On 19 April, EDPS Director Christopher Docksey and Head of the EDPS Supervision and Enforcement Unit María Verónica Pérez Asinari attended a ceremony to mark the beginning of a new era in the data protection supervision of Europol.
In accordance with the new Europol Regulation, on 1 May 2017 the EDPS took over responsibility for the data protection supervision of Europol. The new Regulation also provides for the establishment of a Cooperation Board, for which the EDPS will provide the secretariat. The Board will facilitate cooperation between the EDPS and national supervisory authorities on issues requiring national involvement.
In our new role, we will carry out a range of duties, including:
We are ready for this new responsibility and fully aware of the need to strike the right balance between security and privacy when dealing with data processing for the purpose of law enforcement.
The first meeting of the Digital Clearinghouse took place on 29 May 2017. The meeting provided regulatory bodies from different sectors and countries with an opportunity to exchange views on how to respond to the challenges of the digital era.
Regulatory bodies have the necessary tools to address questions relating to the concentration of market and informational power. Working together, enforcers of consumer and data protection law may be able to support antitrust authorities in their efforts by ensuring that mergers benefit the long-term interests of individuals and that dominant companies do not close down choice in the market or harm their customers, for example.
The meeting of the Digital Clearinghouse took place shortly after the European Commission hosted an exchange between existing networks of consumer enforcers (the CPC network) and the Article 29 Working Party (WP29). Building on the Commission’s initiative, our efforts aim to bring together the various strands of work already being carried out in this area and add value to existing projects.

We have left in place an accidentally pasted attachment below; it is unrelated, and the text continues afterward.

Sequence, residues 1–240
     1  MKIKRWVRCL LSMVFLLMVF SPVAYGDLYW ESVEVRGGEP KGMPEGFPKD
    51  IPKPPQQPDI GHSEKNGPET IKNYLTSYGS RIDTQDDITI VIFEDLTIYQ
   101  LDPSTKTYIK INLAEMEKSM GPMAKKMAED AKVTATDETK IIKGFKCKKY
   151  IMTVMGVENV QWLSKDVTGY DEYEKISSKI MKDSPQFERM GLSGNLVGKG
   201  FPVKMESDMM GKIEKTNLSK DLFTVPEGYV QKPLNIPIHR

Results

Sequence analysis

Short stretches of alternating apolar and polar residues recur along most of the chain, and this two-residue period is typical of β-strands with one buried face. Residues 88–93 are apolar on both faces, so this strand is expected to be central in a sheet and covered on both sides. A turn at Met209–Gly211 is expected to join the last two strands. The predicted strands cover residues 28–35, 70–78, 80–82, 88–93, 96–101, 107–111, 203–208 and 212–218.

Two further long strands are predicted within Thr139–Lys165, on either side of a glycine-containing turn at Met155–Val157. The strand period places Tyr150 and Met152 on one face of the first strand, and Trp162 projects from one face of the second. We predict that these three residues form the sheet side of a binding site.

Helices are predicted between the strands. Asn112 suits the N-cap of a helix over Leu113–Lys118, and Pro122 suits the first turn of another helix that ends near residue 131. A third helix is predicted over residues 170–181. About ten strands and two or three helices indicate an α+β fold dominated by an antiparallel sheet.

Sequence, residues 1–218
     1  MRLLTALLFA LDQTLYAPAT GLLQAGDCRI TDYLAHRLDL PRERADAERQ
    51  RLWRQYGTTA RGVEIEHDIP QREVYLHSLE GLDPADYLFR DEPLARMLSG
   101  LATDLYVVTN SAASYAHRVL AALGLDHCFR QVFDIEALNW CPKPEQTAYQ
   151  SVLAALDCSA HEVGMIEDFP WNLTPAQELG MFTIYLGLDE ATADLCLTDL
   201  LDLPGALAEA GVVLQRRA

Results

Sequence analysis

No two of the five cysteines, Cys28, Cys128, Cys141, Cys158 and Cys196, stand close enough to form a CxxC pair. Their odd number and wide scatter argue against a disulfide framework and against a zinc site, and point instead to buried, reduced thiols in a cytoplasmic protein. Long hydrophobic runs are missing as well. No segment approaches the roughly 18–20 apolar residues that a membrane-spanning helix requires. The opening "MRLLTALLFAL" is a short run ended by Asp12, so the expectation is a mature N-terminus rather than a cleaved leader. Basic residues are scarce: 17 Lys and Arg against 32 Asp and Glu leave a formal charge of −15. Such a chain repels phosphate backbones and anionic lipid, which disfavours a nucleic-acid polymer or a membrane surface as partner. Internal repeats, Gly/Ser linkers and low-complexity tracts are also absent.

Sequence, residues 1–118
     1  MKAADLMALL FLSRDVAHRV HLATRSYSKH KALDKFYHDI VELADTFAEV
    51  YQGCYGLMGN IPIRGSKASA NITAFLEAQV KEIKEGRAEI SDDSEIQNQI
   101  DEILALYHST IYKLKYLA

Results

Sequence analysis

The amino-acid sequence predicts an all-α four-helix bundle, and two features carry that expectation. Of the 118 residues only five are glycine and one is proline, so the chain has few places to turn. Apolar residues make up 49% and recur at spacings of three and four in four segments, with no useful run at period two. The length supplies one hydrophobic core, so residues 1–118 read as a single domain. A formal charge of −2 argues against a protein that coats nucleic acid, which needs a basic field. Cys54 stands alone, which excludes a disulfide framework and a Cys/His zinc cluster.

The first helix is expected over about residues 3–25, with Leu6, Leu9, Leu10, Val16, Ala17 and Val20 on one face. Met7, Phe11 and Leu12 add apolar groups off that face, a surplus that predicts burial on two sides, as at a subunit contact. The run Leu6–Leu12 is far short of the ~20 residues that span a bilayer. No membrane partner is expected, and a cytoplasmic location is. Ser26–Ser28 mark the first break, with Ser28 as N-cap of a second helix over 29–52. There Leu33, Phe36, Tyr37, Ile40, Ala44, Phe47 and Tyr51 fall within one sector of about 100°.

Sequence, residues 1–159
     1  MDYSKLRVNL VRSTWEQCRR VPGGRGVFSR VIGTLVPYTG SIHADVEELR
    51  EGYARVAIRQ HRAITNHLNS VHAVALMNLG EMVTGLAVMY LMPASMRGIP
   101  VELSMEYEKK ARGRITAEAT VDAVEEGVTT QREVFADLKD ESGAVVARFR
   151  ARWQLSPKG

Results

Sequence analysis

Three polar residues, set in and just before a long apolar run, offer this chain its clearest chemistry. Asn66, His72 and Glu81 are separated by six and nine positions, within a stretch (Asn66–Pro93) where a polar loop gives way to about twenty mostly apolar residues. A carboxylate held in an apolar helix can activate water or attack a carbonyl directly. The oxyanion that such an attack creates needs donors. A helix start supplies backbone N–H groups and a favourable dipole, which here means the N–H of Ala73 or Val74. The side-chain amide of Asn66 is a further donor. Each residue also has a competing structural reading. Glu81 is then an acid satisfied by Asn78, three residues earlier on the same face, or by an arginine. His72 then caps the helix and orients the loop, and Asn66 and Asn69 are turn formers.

As part of our commitment to facilitating responsible and informed policymaking, the EDPS published a necessity toolkit on 12 April 2017. The toolkit is designed to help policymakers identify the impact of new laws on the fundamental right to data protection and determine the cases in which the limitation of this right is truly necessary.
Giovanni Buttarelli, EDPS, said: “The EU Charter of Fundamental Rights guarantees the right of every individual to data protection. Using an evidence-based approach, policymakers must be able to demonstrate that any planned limitation of this right, and any other rights that might be affected by the processing of personal data, including the right to privacy, is absolutely necessary, either to achieve an objective of general interest to all concerned or to protect the rights and freedoms of others. We believe the EDPS necessity toolkit will assist policymakers in doing this and therefore better ensure that the legislator remains accountable for its actions.”
In May 2017, a widely-publicised cyber-attack took place, gaining fame in the media under the hashtag #WannaCry. The attack cased damage in two steps: After infecting a computer system, the malware-encrypted data stored itself in this system and demanded a ransom payment in exchange for decryption (ransomware). To infect computer systems, the malware used code that had been stolen from an intelligence service.
While the high number of infected systems raised a lot of interest, a much larger number of systems were not actually affected by the malware. System owners who had applied a recent security update which closed the security loophole, or who had disabled the vulnerable functions, were not affected. System owners who had up-to-date secure backups of their data were able to restore their systems without paying any ransom.
In 2015, the EDPS warned that the use and collection of surveillance tools by state authorities should be subject to strict limitations. At ENISA’s Annual Privacy Forum, which took place in Vienna on 7 and 8 June 2017, Assistant Supervisor Wojciech Wiewiórowski reiterated this point: “The current attacks show that even state agencies cannot guarantee that their cyber weapons and their intrusive tools will not fall into the wrong hands and serve the criminals and attackers they were supposed to target. Many experts are expecting further attacks with other tools from the stolen collection, some of which may not yet be known to security experts.”
The attack should act as a wake-up call and highlight the importance of information security in ensuring that personal data is adequately protected. In March 2016, the EDPS issued guidance on the implementation of an Information Security Risk Management Process (ISRM). Though aimed specifically at the EU institutions, this guidance might also be applied to other organisations. As cybercrime becomes increasingly sophisticated, it is vital that those involved in collecting and processing personal data treat information security as an integral element of their data protection policy.